The Viriditas Chapel of Perpetual Adoration is the first work of art that I have created as a Christian. I converted to Catholicism a year and a half ago. Until then, the many references to Christianity in my art were made solely out of cultural and artistic interest, given that I was an atheist.
I chose to release The Viriditas Chapel on the feast day of Saint John Paul II because my attitude towards his person illustrates an important transition. Like many of my secular leftist peers in the 1980s and 1990s, I hated this pope more than any other. Why? Well, that’s where the problem lies. Because I had vaguely heard something about him being very very conservative and forbidding the use of condoms while people where dying of AIDS. That, apart from his frequent appearances on tv, was the extent of my knowledge of this man.
This was not atypical. Most of my opinions as a progressive liberal where based on flimsy quotes overheard in cheerful conversations. Mind you, I did not see myself as shallow. It simply never occurred to me that I should investigate a little before judging along with my friends or agreeing with people who seemed sympathetic or smart.
The same applied to Christianity. Oddly so, because I have been interested in this topic for many years. And I read all sorts of things about Christian art and architecture, and in the Bible. I visited hundreds of churches all through Europe, even attending services as research. I had a lot of respect for believers to the point of being slightly invidious. But somehow it never occurred to me to investigate the core of Christianity: faith itself. The thought that I should maybe read one of the Church Fathers or watch a movie by Christians on YouTube never even briefly crossed my mind.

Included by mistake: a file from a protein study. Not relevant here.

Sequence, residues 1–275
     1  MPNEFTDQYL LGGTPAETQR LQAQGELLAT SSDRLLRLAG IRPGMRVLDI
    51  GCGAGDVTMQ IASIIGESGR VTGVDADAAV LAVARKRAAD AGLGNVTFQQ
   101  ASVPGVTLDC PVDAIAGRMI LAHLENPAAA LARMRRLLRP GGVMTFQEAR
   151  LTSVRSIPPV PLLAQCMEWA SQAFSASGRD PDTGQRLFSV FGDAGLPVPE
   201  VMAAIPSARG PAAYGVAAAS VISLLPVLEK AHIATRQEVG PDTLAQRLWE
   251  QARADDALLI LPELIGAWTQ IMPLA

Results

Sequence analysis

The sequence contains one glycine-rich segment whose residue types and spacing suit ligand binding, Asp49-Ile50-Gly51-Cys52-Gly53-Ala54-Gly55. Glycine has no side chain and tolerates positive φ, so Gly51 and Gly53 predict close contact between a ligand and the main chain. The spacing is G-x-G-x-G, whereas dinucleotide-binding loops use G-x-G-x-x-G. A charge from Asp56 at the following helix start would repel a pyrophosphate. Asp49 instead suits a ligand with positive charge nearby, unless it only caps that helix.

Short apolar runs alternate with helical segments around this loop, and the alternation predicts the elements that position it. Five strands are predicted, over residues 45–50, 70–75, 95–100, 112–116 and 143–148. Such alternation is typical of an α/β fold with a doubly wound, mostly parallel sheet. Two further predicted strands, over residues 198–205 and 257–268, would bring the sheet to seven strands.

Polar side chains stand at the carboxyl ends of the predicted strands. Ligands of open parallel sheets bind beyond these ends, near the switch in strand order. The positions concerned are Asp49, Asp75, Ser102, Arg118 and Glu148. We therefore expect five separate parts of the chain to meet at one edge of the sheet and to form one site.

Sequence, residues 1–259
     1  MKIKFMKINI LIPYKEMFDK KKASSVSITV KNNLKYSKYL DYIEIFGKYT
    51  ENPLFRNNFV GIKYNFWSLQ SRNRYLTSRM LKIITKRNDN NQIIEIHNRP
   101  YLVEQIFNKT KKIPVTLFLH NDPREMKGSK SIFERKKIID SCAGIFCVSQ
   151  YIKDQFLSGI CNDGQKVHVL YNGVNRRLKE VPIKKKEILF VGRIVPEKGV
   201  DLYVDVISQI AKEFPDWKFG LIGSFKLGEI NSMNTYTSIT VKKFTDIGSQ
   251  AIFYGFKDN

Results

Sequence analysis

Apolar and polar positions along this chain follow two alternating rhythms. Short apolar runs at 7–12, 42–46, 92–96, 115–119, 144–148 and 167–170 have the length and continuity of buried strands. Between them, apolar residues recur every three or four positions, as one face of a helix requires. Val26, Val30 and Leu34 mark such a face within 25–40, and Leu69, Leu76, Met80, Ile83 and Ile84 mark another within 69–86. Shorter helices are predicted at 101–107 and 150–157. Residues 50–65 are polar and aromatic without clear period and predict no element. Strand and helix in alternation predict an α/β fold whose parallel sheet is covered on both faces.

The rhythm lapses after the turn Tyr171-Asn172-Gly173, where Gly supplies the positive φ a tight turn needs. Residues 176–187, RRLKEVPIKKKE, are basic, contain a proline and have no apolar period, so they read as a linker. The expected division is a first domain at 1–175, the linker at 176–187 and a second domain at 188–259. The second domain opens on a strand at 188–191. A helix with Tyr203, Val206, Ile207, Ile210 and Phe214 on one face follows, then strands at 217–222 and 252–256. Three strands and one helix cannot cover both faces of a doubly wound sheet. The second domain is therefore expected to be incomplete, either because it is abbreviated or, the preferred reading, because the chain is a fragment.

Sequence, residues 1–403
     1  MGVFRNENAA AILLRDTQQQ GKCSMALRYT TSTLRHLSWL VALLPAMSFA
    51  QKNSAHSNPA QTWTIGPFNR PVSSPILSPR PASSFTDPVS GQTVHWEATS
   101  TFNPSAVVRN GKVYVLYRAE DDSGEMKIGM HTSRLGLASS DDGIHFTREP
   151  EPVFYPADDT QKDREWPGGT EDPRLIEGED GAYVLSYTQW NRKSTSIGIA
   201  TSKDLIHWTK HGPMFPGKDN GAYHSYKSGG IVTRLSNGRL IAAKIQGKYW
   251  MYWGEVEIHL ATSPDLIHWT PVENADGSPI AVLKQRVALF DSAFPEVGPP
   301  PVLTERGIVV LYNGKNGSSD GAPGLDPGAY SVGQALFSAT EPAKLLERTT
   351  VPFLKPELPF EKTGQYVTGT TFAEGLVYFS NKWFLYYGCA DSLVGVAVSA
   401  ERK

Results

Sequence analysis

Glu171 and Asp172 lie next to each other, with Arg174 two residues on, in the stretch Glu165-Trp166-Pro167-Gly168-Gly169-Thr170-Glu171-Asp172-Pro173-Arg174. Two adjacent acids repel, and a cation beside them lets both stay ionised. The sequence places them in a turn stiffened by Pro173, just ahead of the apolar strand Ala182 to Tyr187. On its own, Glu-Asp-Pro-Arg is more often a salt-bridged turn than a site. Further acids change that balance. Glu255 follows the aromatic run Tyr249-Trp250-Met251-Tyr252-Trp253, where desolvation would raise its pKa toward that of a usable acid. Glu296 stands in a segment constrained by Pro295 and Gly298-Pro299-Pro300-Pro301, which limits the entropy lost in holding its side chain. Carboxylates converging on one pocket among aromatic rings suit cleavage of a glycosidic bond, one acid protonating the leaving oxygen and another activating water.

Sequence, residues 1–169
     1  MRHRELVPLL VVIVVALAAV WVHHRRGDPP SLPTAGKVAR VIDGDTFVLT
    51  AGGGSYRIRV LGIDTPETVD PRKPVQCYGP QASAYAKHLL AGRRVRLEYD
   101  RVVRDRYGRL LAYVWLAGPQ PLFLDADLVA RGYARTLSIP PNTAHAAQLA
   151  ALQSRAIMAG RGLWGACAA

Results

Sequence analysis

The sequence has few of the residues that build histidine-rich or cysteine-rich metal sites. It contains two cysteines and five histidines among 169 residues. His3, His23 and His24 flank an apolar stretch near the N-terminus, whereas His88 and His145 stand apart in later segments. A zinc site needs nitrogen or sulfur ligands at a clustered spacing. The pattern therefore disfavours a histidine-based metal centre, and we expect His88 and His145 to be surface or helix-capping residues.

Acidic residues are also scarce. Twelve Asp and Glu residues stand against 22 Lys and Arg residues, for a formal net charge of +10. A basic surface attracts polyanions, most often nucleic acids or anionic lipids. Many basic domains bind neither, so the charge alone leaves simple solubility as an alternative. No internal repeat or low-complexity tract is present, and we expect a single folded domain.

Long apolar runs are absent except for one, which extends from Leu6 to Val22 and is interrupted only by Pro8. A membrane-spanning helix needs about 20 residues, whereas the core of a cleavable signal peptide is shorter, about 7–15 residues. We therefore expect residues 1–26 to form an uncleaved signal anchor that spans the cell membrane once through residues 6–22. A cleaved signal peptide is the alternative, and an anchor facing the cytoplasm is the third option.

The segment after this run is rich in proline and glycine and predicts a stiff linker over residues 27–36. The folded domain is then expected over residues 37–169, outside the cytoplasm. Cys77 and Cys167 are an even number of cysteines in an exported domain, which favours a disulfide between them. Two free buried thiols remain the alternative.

When I converted I started devouring information about the faith. It was all so fascinating! It felt like I was using my brain for the first time. And often I came across references to Pope John Paul II. Apparently the man I had hated with such indifference was a very important presence to my fellow Christians. People loved the guy! They even made him a saint. So I started reading his Theology of the Body and came across his Letter to Artists.
In preparation for the release I am praying a novena as atonement. Not just for Saint Pope John Paul II but for the injustice with which I have regarded the Catholic Church all my life. And as an expression of gratitude to the almighty Lord for receiving me into his flock in spite of my obvious unworthiness.
Michael Samyn, Rome, 14 October.